Jobs that until now offered generous retiree health care benefits are doing an about-face to save money.
Workers are taking on more and more of the costs of being retired as employers shift the risk away from corporations.
“Employer-sponsored retiree health coverage once played a key role in supplementing Medicare,” say Tricia Neuman and Anthony Damico of the Kaiser Family Foundation. “Any way you slice it, this coverage is eroding.”
In 1988, 66 percent of large firms that offered health coverage also provided retiree health plans. By 2015, that number had shrunk to a mere 23 percent.
Many Americans are under the impression that Medicare will pay their health care costs when they retire, so why worry? That impression is a mistaken one.
“The drop in retiree health coverage has important implications for retiring boomers who are approaching their Medicare years with a different set of insurance needs and choices than their parents’ generation,” the Kaiser analysts write.
The Medicare Part A deductible for hospital services is $1,364 for 2019, and you’ll pay $341 of coinsurance for every day over 60 that you’re in the hospital. Medicare Part B, for physician and other outpatient services, has a $185 deductible, and you must pay for 20 percent of services.
Those numbers may not faze retirees with large nest eggs, but for those who haven’t feathered their nest, chronic illness or a single acute medical event can create a financial crisis.
Kaiser’s employer survey revealed that the drop in employer-sponsored health care has come at the expense of those least able to bear it. Among the largest employers (5,000 or more employees), 42 percent continue to offer retiree health benefits. This number drops to 20 percent for companies with 200 to 999 workers. The highest rates of coverage were in state and local government (73 percent), communications and utility firms (62 percent) and finance (49 percent). The former two are highly unionized. But if you’re a low-wage earner in retail (12 percent covered) or agriculture and construction (15 percent covered), it’s much less likely you’ll have employee health care benefits in retirement.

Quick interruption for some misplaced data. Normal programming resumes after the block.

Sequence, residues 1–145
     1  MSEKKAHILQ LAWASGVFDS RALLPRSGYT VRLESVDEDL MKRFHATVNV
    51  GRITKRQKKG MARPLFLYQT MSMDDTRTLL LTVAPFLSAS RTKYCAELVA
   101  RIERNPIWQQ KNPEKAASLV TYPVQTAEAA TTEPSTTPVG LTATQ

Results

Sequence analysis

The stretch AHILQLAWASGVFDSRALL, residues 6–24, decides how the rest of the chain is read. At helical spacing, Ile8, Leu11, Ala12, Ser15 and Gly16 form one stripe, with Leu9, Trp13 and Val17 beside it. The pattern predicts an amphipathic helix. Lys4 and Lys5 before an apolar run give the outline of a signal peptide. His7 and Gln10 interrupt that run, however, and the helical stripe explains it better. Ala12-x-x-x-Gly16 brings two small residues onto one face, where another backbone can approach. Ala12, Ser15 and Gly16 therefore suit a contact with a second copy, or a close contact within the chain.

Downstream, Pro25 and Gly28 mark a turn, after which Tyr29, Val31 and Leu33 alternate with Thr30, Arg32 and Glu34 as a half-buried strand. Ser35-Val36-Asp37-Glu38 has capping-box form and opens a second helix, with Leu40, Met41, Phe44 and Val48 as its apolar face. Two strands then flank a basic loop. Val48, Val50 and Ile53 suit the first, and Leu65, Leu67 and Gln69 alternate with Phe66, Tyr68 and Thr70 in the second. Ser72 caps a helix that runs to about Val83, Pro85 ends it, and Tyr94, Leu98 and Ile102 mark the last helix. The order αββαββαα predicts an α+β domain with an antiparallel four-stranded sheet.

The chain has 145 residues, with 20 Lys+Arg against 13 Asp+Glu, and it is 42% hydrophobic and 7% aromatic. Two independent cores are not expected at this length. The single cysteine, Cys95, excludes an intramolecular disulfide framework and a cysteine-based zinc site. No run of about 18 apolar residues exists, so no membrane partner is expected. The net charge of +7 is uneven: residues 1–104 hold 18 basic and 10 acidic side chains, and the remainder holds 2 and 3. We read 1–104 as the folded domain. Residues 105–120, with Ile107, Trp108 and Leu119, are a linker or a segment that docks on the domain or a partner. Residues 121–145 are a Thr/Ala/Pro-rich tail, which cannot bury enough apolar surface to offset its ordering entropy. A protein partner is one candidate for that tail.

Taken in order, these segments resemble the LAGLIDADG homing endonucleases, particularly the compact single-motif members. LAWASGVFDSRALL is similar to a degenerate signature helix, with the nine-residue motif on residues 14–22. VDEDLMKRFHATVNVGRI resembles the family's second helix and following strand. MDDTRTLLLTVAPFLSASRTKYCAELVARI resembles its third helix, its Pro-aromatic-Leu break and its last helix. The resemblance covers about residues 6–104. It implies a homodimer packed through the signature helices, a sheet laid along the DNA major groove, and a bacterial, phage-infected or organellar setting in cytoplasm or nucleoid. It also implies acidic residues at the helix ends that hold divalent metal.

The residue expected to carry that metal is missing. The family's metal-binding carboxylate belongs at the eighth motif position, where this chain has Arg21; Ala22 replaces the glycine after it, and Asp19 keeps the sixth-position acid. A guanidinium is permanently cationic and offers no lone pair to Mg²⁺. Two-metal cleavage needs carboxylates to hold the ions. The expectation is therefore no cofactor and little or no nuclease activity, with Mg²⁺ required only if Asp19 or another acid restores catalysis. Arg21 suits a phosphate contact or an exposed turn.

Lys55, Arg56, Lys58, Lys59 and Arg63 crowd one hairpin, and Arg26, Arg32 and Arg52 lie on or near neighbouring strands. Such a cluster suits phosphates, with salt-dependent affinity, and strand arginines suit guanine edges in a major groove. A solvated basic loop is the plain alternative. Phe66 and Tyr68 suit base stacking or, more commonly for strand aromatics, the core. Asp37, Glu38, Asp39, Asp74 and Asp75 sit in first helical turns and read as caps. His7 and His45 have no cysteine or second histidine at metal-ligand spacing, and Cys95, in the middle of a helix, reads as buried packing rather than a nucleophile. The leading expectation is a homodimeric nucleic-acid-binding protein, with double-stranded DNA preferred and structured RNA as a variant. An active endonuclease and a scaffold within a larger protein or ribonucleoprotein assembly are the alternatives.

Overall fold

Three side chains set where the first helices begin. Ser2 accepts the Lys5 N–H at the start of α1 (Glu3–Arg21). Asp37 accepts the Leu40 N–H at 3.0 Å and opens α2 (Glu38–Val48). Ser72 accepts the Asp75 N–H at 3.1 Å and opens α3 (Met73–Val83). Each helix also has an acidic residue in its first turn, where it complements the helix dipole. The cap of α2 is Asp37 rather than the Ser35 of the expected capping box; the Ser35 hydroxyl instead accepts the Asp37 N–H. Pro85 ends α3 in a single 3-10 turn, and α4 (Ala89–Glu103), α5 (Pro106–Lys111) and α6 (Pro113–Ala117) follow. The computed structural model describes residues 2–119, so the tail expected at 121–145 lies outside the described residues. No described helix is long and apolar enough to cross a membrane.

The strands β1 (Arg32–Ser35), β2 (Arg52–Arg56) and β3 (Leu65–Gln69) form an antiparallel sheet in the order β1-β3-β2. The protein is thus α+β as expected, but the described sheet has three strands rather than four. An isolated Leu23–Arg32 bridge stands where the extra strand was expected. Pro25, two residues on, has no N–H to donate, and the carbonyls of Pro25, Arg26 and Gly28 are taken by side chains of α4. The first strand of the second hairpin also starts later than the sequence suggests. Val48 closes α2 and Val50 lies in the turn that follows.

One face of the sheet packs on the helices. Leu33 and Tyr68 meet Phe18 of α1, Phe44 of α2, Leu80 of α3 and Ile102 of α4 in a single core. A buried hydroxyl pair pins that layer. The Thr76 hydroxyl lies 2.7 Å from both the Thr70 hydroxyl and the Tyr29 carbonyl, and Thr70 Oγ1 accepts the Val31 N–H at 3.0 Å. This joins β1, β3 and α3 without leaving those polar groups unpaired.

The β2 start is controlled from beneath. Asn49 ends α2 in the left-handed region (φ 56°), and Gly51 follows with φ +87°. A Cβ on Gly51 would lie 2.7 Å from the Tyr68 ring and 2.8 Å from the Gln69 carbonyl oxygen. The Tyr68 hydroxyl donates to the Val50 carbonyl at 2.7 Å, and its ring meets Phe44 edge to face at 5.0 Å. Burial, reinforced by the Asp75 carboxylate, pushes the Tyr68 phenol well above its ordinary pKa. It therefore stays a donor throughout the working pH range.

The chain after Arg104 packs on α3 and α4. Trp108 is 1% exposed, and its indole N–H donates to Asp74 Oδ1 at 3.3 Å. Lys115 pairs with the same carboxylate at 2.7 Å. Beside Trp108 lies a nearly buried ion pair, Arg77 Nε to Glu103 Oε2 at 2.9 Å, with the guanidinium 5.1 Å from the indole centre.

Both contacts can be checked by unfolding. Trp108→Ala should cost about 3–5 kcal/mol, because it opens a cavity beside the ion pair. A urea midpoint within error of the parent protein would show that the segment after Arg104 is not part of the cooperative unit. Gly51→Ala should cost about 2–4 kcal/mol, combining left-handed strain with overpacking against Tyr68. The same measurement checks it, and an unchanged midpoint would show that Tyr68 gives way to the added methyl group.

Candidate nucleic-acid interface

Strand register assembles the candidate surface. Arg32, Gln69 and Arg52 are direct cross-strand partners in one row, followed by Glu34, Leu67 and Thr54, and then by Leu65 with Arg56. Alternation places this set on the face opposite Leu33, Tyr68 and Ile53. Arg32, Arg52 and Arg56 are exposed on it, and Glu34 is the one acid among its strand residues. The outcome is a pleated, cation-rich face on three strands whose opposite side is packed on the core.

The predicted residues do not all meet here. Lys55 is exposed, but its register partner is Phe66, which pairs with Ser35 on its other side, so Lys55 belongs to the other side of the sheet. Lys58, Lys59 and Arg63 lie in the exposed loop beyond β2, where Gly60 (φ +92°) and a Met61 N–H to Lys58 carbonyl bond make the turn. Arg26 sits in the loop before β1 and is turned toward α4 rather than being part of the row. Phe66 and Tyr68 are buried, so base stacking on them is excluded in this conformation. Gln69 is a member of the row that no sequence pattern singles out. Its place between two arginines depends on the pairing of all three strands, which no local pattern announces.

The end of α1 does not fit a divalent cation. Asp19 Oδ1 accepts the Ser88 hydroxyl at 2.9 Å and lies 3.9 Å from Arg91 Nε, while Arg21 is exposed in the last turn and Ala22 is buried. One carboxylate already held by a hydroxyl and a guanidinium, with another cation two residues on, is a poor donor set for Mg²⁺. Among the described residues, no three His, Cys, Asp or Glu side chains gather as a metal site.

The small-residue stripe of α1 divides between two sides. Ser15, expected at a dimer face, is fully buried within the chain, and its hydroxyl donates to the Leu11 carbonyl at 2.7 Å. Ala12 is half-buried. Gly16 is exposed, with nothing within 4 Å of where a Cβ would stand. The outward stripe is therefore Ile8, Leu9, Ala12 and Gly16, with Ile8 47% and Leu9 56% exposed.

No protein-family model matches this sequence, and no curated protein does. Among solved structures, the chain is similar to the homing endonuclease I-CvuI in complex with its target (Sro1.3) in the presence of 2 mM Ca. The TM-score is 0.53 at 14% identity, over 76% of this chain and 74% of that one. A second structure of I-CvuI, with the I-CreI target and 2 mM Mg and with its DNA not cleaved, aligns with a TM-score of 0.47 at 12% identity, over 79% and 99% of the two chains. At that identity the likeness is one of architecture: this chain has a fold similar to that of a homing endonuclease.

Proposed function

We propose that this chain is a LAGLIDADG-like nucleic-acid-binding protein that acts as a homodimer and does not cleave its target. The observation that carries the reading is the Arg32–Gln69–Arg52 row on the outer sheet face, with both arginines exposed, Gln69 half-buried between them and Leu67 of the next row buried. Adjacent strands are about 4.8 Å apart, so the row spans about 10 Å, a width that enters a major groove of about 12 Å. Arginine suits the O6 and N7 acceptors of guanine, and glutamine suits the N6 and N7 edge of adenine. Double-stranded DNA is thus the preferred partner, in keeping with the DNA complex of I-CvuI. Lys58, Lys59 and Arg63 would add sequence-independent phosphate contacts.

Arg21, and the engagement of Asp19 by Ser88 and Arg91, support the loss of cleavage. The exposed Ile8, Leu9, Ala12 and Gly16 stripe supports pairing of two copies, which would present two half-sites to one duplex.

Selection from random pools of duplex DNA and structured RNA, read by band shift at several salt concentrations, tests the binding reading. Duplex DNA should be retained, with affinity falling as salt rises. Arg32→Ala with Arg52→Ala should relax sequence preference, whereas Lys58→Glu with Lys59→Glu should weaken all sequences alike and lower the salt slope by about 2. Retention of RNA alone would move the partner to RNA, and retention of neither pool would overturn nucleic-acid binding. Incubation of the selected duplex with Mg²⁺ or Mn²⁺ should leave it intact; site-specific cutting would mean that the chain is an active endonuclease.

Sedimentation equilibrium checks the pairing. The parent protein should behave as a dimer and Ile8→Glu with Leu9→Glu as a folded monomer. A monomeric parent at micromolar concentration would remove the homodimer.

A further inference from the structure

It’s bad enough for the retirees themselves, but these reductions in benefits have far-reaching consequences. Left with holes in their coverage, many retirees opt for Medigap policies and pay the monthly premiums. This drives up costs for the federal government, in turn. People with Medigap policies tend to use more health care services because trips to the doctor or clinic are fully covered. Today, 1 out of every 4 Medicare enrollees has a Medigap policy.
Legislated limits on Medigap plans may well follow. A broad consortium of policymakers from right, left and center ideologies have advocated to prohibit Medigap plans from covering deductibles. If this happens, an increasing number of retirees may look to Medicare Advantage for relief. These plans offer smaller provider networks and caps on annual spending. But they’re also pricier for the government.
The trend in reduced retiree benefits is not likely to reverse. However, it’s important to keep in mind that Medicare is not a panacea and health care is not solved once Americans turn 65. If anything, the growing number of older adults will drive changes in health care delivery in the near future.
Source: Society of Certified Senior Advisors, Blog August 29, 2019.